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Structure of Cdc4p, a contractile ring protein essential for cytokinesis in Schizosaccharomyces pombe

TitleStructure of Cdc4p, a contractile ring protein essential for cytokinesis in Schizosaccharomyces pombe
Publication TypeJournal Article
Year of Publication2001
AuthorsSlupsky, CM, Desautels, M, Huebert, T, Zhao, RH, Hemmingsen, SM, McIntosh, LP
JournalJournal of Biological Chemistry
Volume276
Pagination5943-5951
Date PublishedFeb
Type of ArticleArticle
ISBN Number0021-9258
KeywordsBINDING PROTEINS, CALCIUM-SATURATED STATES, ESSENTIAL LIGHT-CHAIN, FISSION YEAST, MYOSIN HEAVY-CHAIN, NUCLEAR-MAGNETIC-RESONANCE, REGULATORY DOMAIN, SCALLOP MYOSIN, TARGETED DISRUPTION, TROPONIN-C
Abstract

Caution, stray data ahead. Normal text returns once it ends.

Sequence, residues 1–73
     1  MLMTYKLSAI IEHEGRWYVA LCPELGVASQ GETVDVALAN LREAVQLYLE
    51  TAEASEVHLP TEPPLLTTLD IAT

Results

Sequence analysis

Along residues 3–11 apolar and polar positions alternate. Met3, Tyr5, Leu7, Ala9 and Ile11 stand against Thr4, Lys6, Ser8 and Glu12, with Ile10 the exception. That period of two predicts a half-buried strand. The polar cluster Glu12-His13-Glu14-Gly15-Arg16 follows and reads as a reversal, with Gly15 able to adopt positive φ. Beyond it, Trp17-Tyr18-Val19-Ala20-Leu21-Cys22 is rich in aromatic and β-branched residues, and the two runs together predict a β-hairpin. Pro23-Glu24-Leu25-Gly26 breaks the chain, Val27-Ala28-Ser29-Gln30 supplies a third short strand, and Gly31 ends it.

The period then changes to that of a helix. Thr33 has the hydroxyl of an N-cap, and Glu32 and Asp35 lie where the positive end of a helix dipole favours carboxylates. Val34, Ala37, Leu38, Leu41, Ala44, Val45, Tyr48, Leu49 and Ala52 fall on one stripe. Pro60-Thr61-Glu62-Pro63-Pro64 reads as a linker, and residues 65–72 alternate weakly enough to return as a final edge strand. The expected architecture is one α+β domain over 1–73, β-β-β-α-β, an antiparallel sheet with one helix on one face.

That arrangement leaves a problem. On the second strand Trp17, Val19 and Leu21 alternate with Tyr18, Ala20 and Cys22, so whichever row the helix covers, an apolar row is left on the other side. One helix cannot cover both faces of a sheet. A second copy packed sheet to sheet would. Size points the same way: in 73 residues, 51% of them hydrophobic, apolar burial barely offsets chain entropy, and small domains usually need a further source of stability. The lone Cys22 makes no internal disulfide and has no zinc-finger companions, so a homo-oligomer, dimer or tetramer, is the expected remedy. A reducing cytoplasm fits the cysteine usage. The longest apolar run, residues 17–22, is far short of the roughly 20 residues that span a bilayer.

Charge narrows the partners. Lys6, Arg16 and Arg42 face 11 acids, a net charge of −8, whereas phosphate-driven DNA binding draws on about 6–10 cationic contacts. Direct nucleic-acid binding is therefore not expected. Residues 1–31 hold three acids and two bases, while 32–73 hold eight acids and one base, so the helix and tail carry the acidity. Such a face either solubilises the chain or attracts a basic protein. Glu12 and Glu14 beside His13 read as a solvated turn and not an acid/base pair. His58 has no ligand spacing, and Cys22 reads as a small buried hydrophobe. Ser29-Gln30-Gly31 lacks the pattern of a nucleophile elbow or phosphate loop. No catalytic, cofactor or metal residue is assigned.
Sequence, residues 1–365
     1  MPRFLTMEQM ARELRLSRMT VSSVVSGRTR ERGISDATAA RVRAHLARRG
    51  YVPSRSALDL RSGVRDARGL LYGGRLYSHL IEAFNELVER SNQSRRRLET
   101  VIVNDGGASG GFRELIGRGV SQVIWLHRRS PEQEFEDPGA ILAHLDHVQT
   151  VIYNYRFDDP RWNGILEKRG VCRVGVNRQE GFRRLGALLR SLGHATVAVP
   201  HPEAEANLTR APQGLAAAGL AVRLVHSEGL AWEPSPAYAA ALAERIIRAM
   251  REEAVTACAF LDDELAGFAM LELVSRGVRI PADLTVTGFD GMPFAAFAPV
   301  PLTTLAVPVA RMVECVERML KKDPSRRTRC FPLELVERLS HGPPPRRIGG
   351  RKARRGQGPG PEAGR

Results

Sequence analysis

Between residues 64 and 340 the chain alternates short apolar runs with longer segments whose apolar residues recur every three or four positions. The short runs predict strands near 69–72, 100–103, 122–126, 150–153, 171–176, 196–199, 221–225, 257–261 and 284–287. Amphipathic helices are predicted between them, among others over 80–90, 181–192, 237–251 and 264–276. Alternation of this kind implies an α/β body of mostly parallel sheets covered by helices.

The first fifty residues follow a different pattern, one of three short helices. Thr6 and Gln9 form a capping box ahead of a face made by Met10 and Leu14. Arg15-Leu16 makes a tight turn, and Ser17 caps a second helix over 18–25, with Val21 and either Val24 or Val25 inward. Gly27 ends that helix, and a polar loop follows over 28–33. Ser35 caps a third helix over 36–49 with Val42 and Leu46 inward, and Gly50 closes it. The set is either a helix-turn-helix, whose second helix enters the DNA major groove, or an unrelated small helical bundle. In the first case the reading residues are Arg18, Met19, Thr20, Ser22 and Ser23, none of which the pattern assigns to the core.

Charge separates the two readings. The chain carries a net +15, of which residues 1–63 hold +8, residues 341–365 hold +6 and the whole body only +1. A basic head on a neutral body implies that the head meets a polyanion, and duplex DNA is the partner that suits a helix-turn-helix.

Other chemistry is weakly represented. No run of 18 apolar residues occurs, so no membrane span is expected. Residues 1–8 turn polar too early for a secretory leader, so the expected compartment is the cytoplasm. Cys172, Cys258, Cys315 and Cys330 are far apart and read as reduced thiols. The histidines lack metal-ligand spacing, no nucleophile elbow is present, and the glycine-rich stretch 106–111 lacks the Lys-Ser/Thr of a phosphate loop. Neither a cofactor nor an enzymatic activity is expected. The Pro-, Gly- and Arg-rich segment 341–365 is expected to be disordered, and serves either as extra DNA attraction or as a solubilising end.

The Schizosaccharomyces pombe Cdc4 protein is required for the formation and function of the contractile ring, presumably acting as a myosin light chain. By using NMR spectroscopy, we demonstrate that purified Cdc4p is a monomeric protein with two structurally independent domains, each exhibiting a fold reminiscent of the EF-hand class of calcium-binding proteins. Although Cdc4p has one potentially functional calcium-binding site, it does not bind calcium in vitro. Three variants of Cdc4p containing single point mutations responsible for temperature-sensitive arrest of the cell cycle at cytokinesis (Gly-19 to Glu, Gly-82 to Asp, and Gly-107 to Ser) were also characterized by NMR and circular dichroism spectroscopy. In each case, the amino acid substitution only leads to small perturbations in the conformation of the protein. Furthermore, thermal unfolding studies indicate that, like wild-type Cdc4p, the three mutant forms are all extremely stable, remaining completely folded at temperatures significantly above those causing failure of cytokinesis in intact cells. Therefore, the altered phenotype must arise directly from a disruption of the function of Cdc4p rather than indirectly through a disruption of its overall structure. Several mutant alleles of Cdc4p also show interallelic complementation in diploid cells. This phenomenon can be explained if Cdcp4 has more than one essential function or, alternatively, if two mutant proteins assemble to form a functional complex. Based on the structure of Cdc4p, possible models for interallelic complementation including interactions with partner proteins and the formation of a myosin complex with Cdc4p fulfilling the role of both an essential and regulatory light chain are proposed.

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